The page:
Once when I was about 8 years old I went to the altar rails to receive Holy Communion. I kept my eyes closed as we did in those days and stood there with my mouth open and tongue extended. I waited for what seemed a long time when my brother dug me in the ribs. I opened my eyes and the priest had gone back to the Tabernacle to collect more hosts. I felt so foolish and for years I kept one eye open as I approached the altar. Then about 10 -15 years later we were told we could receive Communion in the hand. How I rejoiced, for now I could approach with more reverence rather than furtive anxious glances mind on not being in that early situation ever again. . BUT I even said to my parish priest at the time, should I receive on the tongue because I wanted to receive on the hand? He told me to accept it, to worry about whether I should or should not just complicated matters. 50 plus years later I am an extraordinary Minister of the Eucharist taking the Blessed Sacrament to the sick and housebound. How blessed that is. If Christ comes to us we accept him in humility, dignifying Him. Poking the tongue out to receive never seemed dignified to me, as well as my fear of looking ridiculous again, so thanks be to God I may receive my precious Lord into my hands. Surely in the early church all received into their hands?

    • mon38228

      Surely not!

    • Bershawn300

      I think the main point of the article may have been lost. Perhaps another one might help?

      • Isobel

        Straining at gnats. We are taking the Lord into our bodies whether the hands or the mouth it is the same! Our attitude is what makes it important. He broke bread and gave it. If I am given anything I receive it into my hand and I give the Lord to others in my role as a extraordinary Minister. I am not convinced by any of these articles. I receive in reverence, not sticking my tongue out as if in mockery.
        Thanks be to God for coming to us in this way.

        • LizEst

          It is not mocking a doctor to stick out one’s tongue when he or she is examining a patient. Likewise, it is not mocking the Lord to receive the Divine Physician on one’s tongue…but, perhaps it is for you as you yourself have said. So sad.

          • Isobel

            It s not a gesture of honour either, it is a bodily function. And you chose to insult me by accusing me of dishonouring my Lord. Sad that. I now leave this conversation.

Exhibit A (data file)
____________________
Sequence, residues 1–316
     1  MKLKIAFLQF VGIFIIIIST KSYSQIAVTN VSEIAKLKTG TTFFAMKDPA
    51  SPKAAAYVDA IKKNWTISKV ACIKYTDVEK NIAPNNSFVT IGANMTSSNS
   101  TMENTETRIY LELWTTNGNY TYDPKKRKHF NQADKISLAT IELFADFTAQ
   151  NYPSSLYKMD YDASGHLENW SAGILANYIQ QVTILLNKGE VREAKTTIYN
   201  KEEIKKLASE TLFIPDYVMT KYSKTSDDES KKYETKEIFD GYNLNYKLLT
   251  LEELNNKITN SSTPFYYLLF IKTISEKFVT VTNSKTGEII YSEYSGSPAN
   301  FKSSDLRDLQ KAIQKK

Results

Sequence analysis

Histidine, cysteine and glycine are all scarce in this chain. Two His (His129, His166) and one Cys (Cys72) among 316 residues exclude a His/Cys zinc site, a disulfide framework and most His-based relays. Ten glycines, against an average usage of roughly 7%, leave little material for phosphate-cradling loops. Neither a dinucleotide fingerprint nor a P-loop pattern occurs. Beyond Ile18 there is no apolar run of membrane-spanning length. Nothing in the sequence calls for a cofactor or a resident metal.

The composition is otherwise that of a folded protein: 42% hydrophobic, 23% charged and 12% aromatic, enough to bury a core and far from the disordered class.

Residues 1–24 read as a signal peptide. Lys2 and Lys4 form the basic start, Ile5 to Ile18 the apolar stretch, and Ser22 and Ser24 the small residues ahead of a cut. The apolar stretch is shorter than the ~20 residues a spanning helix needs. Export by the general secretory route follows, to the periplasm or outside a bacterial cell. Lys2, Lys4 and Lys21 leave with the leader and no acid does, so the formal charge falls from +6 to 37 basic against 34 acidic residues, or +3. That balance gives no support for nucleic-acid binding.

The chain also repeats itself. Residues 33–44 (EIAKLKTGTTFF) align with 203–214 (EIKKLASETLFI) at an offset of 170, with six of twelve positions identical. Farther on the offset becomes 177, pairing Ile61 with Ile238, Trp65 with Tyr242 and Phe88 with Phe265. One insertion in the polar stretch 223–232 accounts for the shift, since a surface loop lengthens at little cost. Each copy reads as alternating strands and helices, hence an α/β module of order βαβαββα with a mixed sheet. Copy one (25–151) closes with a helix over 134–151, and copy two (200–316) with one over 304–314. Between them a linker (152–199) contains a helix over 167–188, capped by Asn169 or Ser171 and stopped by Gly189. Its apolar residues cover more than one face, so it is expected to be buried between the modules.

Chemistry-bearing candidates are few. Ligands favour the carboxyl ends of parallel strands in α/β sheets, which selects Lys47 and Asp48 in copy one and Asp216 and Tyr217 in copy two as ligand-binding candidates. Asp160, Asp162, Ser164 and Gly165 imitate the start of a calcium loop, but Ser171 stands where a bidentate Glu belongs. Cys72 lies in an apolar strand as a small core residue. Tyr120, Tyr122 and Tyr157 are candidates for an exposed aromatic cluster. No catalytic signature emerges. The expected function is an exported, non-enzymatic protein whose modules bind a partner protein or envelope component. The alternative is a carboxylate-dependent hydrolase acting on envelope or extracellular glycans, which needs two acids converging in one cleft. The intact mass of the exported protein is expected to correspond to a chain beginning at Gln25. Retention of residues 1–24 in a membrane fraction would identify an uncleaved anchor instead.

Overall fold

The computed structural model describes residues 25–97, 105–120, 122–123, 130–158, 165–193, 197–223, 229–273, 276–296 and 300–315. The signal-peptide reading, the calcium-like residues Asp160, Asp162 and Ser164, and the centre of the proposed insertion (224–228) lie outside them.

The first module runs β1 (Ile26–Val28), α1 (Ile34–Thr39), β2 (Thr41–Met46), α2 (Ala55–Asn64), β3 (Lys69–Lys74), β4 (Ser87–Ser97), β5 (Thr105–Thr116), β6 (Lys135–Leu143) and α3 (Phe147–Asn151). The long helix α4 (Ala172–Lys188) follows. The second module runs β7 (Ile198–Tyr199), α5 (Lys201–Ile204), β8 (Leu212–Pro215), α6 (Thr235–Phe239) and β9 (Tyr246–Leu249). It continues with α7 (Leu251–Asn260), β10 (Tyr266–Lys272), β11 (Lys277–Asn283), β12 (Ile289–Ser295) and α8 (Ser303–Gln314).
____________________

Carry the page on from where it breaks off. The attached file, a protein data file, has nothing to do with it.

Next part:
• LizEst

            Isobel — You misinterpreted what I wrote. In fact, I indicated that you yourself consider sticking out your tongue mockery. You yourself said “Our attitude is what makes it important… I receive in reverence, not sticking my tongue out as if in mockery.” Your words, not mine.

        • Melissa Vaca

          Regarding extraordinary ministers:

          So many Catholics do not know the true position of the Church on so many issues.

  • Laurie

    I only received the Eucharist on the tongue for my entire life until the church I go to now. I had been taught that my hands had not been consecrated to actually touch the host. At this church that I now attend the priest always touches my mouth. Probably not a big deal and very common but I can’t seem to get it out of my head when walking up to receive communion. Am I opening my mouth enough? Should I kneel so it’s easier for him? etc. So, since it’s not out of the norm in my church (in fact, most receive in the hand) I changed to receiving in the hand and feel like now I can focus on what I’m supposed to be focused on – the Precious Body of Christ. However, at other churches, I go back to receiving on the tongue. I feel like a crazy woman even sharing this but it really became a big deal until I looked into the reasons why it’s okay to receive in the hand- with reverence of course- and was relieved that it was accepted. What’s a girl to do?

  • olhg1

    Decisions, decisions, decisions. Which European Roman Catholic customs to keep and which ones are to evolve. Revelation (Dogma, Morality) won’t change, even if some of the most prominently “progressive” influential Churchpeople seem to be.